The Institute of Professional Editors, known as IPEd, has released guidance for potential clients on the costs of editing a range of academic work including journal articles, theses and grant applications. The indicative costs and notes on the range of factors which may affect costs are available here. Note the IPEd website is under review in August 2021 and the location may change.
The indicative costs complement the fair hourly pay rates for self-employed editors released by IPEd in June 2020. See more information here.
I am pleased to be a member of IPEd’s Standing Committee on Academic Editing which developed this new information, and also a member of IPEd’s Pay Rates Working Party which developed the fair hourly pay rates in 2020.
Many clients who have not used a professional editor before may not be aware of the likely costs. These indicative costs for academic editing allow clients, particularly research students, to budget and prepare well ahead of time, regardless of which editor they use.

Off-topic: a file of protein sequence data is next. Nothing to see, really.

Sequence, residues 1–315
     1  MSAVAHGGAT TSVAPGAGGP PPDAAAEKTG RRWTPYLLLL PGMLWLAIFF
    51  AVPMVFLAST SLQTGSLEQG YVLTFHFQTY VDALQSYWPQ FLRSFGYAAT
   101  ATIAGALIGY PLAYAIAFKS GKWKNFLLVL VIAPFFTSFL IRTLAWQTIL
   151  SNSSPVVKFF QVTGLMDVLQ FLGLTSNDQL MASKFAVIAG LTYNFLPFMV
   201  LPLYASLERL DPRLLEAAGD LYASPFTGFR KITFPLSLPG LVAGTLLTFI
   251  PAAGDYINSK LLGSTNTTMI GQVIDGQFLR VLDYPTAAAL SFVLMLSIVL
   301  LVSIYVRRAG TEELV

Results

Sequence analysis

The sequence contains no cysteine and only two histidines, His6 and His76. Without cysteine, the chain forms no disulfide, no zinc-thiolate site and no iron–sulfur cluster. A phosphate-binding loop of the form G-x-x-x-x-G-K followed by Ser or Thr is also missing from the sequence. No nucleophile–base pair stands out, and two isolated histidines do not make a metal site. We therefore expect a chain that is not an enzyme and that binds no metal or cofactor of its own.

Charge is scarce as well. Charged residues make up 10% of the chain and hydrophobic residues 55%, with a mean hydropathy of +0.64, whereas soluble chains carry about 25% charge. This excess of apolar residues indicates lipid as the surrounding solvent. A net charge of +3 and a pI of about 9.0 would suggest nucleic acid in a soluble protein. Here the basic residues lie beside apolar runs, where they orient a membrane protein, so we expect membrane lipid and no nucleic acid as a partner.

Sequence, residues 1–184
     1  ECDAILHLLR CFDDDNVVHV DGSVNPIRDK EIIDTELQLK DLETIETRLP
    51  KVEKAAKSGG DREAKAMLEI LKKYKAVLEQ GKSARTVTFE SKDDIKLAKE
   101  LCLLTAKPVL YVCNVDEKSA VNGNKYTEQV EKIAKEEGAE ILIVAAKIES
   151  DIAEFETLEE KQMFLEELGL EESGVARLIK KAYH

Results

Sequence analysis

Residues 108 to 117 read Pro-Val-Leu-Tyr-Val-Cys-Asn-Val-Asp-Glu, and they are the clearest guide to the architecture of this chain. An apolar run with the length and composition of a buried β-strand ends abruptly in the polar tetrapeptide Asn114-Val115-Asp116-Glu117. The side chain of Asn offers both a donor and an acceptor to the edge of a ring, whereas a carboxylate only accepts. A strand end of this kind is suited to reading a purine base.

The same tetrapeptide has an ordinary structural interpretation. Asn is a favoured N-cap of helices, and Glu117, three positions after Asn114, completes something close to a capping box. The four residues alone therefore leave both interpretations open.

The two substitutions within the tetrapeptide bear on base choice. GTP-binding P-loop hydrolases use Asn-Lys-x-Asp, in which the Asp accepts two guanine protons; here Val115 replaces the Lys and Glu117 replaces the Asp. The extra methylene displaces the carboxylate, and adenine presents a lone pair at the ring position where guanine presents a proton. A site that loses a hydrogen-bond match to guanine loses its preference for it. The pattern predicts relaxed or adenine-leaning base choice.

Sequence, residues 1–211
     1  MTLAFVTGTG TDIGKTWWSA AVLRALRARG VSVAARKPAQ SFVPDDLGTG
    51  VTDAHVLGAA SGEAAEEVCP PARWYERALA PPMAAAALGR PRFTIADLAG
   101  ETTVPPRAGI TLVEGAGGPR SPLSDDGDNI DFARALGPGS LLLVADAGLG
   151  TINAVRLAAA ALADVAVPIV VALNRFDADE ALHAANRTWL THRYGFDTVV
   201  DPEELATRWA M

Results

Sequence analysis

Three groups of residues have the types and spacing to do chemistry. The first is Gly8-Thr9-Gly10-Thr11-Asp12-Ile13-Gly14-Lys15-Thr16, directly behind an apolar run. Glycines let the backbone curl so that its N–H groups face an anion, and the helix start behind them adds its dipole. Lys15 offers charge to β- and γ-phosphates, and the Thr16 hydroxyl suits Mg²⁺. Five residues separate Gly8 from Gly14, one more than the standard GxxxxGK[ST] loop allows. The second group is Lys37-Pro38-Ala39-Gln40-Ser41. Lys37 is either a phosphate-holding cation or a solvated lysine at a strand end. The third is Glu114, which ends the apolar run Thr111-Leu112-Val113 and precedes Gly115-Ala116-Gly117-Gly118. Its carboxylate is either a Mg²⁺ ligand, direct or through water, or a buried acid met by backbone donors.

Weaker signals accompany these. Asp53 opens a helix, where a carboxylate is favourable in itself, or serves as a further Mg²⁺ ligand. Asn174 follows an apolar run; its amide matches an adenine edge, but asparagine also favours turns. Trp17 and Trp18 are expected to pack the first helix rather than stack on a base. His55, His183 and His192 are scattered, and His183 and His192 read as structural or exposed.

There are many sources of funding which can contribute to cover the costs of professional editing, and clients should be aware of all the sources available to them before approaching an editor. These sources can include funds within the school, Faculty or university, national and international scholarships and grants, supervisor research funds, project funds or external sources.
The IPEd costs are indicative only, and editors will always want to see the full work to be edited before providing a quote which is fair to both the client and the editor.
Please contact me about editing your academic work: email@example.com